The following is the biographical information that I would like added in remembrance of Private Robert E. Knode, USMCR.
David H. Eckert: July 2007
Robert E. Knode was born on Wednesday, November 18, 1914 in Yeagertown, Mifflin County, Pennsylvania, the second son of five children to John Irvin Knode and Harriet R. Leightley.
Robert was raised in Yeagertown and graduated from high school in 1933 and like his father he was a steelworker working for the Standard Steel Works Company. He married sometime before 1940.
Robert felt a profound sense of patriotism and answered the call of his country in 1944, enlisting into the United States Marine Corps Reserve.
He was attached to the 1st Battalion, 26th Infantry, 5th Marine Division, a division created for the Battle of Iwo Jima and the planned invasion of the Japanese home islands. He would be killed in action on D-Day+2 during heavy fighting on February 21, 1945.
He was laid to rest in the Iwo Jima Cemetery. In 1949, Private Robert E. Knode was brought home and laid to rest in Arlington National Cemetery, Washington D.C. in Section 12, Site 4702.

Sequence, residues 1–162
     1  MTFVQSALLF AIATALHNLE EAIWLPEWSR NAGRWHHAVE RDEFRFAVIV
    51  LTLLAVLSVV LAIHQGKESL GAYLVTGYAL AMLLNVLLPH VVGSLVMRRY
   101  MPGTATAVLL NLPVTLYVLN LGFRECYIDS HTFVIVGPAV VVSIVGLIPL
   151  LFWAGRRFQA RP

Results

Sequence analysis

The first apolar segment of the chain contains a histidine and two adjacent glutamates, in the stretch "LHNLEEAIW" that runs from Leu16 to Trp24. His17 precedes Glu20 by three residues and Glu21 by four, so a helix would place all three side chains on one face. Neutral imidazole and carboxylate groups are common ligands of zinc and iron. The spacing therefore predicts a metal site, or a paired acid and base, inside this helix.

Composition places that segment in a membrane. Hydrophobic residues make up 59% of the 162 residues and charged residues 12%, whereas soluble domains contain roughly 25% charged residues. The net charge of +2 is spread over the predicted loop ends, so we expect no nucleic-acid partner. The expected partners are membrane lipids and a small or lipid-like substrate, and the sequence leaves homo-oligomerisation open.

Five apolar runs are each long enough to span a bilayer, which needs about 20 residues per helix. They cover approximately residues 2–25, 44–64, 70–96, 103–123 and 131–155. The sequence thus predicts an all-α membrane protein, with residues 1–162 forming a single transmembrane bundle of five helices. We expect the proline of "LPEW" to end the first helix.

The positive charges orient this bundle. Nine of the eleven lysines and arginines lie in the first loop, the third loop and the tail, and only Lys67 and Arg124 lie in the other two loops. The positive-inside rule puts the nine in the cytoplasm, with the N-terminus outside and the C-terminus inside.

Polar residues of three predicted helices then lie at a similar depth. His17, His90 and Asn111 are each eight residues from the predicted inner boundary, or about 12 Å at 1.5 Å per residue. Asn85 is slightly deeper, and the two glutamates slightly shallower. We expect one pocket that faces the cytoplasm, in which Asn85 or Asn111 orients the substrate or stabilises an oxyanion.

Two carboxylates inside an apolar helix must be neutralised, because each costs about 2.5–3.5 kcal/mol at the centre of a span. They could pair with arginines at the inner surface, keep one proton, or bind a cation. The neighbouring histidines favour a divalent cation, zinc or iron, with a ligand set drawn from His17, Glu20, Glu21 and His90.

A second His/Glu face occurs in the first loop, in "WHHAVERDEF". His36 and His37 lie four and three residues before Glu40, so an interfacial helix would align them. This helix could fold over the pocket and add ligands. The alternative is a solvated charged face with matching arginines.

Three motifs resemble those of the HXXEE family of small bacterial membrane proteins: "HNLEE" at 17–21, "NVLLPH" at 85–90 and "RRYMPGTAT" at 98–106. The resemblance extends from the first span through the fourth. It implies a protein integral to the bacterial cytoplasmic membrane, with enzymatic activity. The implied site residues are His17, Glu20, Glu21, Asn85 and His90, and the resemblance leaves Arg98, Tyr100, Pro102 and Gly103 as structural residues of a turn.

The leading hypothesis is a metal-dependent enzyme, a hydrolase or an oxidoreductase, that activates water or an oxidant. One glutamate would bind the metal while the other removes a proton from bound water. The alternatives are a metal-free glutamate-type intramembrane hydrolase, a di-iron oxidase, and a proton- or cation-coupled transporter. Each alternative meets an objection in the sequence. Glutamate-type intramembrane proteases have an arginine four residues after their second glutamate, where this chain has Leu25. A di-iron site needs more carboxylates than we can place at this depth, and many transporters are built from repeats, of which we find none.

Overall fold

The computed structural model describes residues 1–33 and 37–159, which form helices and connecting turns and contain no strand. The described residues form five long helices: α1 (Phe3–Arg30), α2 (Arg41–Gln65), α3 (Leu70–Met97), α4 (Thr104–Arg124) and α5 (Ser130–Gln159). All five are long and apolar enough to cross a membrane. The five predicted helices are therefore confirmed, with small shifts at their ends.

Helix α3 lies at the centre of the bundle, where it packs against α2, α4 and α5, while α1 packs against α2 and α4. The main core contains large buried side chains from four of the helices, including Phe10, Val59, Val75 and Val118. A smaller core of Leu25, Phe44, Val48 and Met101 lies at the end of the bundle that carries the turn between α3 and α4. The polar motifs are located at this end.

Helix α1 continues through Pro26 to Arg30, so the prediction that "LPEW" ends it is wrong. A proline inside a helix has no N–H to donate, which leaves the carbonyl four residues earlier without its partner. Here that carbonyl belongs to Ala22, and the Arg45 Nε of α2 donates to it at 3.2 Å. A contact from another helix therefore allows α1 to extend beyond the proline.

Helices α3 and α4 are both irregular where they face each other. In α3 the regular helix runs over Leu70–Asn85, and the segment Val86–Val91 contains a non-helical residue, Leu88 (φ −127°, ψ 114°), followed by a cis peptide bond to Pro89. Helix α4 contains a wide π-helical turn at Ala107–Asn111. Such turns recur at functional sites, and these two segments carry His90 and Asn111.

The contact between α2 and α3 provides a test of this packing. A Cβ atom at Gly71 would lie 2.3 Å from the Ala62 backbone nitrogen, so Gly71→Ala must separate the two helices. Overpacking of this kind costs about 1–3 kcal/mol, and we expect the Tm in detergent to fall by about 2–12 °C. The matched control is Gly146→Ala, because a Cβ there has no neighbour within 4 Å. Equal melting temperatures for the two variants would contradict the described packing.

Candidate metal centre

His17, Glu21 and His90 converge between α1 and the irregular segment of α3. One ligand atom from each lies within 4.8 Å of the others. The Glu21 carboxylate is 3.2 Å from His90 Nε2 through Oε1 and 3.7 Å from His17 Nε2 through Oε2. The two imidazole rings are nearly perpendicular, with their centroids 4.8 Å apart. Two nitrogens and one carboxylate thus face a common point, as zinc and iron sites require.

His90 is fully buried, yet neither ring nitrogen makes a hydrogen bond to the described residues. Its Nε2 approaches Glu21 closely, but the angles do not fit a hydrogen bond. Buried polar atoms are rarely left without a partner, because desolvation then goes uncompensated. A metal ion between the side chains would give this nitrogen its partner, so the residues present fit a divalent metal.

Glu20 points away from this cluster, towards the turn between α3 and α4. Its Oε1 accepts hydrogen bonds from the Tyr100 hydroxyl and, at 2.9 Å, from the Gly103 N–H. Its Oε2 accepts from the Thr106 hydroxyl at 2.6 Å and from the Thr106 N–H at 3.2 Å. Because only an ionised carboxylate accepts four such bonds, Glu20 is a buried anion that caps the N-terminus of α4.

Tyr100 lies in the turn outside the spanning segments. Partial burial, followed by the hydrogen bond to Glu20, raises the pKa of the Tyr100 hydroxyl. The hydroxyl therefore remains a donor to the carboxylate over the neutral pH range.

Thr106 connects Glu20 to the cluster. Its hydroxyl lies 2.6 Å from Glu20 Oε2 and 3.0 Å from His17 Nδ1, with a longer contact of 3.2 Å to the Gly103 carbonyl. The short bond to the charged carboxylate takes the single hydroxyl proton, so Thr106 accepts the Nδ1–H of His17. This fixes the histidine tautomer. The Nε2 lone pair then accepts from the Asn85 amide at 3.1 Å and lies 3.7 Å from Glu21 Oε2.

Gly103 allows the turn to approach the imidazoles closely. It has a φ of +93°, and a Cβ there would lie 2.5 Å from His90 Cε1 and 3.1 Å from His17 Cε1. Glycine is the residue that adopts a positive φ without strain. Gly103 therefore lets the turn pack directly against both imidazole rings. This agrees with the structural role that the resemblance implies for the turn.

It is now 62 years since his death and as a family, we shall ensure that he is not forgotten. He was just like many others, a soldier doing his bit for freedom but I write this so his story will never be forgotten and our children for generations to come will remember the ultimate sacrifice he gave for our freedom today. His courage and sacrifice to defend the freedoms of us at home and of those abroad will never be forgotten. Like so many others, he gave his life at such a young age.
KNODE, ROBERT EARL
- PVT USMC
- DATE OF BIRTH: 11/18/1914
- DATE OF DEATH: 02/21/1945
- BURIED AT: SECTION 12 SITE 4702
ARLINGTON NATIONAL CEMETERY
Michael Robert Patterson was born in Arlington and is the son of a former officer of the US Army. So it was no wonder that sooner or later his interests drew him to American history and especially to American military history. Many of his articles can be found on renowned portals like the New York Times, Washingtonpost or Wikipedia.
Reviewed by: Michael Howard